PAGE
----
By, Stu Olson N7QJP
The oldest and most popular method of trail communications has to be the CB radio. It's popularity boomed back in the '70s, owing much of it's notoriety to the tractor-trailer movie era. Available at almost every discount department store, they provide adequate vehicle to vehicle coverage while on the trail. Using one to communicate 50 or more miles back to your home is often times impossible to do. It can be difficult to talk with someone even when the distance is significantly less. Editor's Note: Most radios, even when well tuned, do not broadcast much more than a mile or two. Part of the reason for this is that CB radios use the upper portion of the high frequency (HF) radio spectrum, around 27 MHz. A small portion of the CB radio signal travels along the ground (called ground wave) which is what is usually required for short-range communications of this type. Most of the transmitted signal radiates up and out into the ionosphere. If conditions are right, some of it will be reflected back down to earth, a thousand or more miles away from where it started while the remainder simply travels off towards some distant star. Experienced CB users refer to this ionospheric reflection as "skip". When conditions like this exist and the band is "open", it is almost impossible to hear the weaker ground wave signals since they buried in the mixing of all of the other signals that are "skipping in".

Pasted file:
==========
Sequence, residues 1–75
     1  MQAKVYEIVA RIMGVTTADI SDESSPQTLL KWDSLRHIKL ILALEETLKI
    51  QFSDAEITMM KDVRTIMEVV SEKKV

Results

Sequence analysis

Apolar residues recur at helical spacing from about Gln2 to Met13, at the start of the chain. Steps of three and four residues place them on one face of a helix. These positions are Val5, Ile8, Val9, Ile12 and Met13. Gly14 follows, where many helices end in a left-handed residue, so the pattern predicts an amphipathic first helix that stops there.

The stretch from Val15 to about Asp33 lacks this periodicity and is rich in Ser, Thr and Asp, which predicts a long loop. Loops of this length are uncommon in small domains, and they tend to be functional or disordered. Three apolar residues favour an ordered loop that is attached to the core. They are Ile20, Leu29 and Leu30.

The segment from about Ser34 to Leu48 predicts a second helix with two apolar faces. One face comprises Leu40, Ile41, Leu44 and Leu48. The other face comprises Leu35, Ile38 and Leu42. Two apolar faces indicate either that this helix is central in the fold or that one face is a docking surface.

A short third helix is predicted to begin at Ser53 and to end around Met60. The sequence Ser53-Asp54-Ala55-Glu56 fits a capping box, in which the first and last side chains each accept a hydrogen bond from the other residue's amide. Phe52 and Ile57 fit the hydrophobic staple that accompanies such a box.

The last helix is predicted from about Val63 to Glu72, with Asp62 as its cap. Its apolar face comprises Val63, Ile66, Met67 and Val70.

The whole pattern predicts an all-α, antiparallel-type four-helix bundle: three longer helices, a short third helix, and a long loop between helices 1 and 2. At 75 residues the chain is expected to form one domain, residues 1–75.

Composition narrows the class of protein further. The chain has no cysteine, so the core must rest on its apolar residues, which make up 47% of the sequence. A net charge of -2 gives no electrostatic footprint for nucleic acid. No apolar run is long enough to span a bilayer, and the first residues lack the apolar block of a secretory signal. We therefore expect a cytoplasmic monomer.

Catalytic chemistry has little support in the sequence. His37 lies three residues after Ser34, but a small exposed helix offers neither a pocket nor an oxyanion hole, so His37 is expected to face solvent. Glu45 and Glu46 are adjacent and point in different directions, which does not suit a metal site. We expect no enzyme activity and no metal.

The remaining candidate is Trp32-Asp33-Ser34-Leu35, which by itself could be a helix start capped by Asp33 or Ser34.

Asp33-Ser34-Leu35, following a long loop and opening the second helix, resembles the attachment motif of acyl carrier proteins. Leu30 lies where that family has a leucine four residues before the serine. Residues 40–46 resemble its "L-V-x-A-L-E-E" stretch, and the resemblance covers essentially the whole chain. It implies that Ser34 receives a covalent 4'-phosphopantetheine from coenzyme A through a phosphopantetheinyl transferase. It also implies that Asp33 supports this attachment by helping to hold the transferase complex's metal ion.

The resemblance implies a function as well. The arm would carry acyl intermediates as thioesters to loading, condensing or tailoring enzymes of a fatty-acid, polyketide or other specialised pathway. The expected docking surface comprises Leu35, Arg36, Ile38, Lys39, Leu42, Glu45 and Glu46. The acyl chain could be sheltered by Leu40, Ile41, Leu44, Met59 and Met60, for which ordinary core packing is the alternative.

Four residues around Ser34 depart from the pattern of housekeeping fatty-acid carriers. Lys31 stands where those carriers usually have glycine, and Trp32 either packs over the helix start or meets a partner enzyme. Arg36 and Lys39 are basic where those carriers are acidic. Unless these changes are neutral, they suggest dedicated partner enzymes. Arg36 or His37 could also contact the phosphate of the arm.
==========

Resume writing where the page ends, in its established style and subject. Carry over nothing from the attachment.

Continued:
Three positive aspects of a CB radio is the low price, popularity, and no requirement for an operator's license. In many off-road clubs, a CB is mandatory if you plan on participating in a club-sponsored ride. The CB radio allows members to easily communicate with each over the short distances encountered while traveling on the trail. It is an ideal method by which one can update the group on trail conditions or for summoning assistance from another club member. The price for a good radio and reasonable antenna puts this setup well within the $100 range.